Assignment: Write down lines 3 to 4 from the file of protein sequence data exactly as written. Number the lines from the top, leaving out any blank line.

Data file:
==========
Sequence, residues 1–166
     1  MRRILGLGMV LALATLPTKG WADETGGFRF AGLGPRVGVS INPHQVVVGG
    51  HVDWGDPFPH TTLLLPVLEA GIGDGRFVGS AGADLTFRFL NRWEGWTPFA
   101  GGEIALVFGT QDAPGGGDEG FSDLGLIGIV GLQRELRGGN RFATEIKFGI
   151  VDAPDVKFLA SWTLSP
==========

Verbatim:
    51  HVDWGDPFPH TTLLLPVLEA GIGDGRFVGS AGADLTFRFL NRWEGWTPFA
   101  GGEIALVFGT QDAPGGGDEG FSDLGLIGIV GLQRELRGGN RFATEIKFGI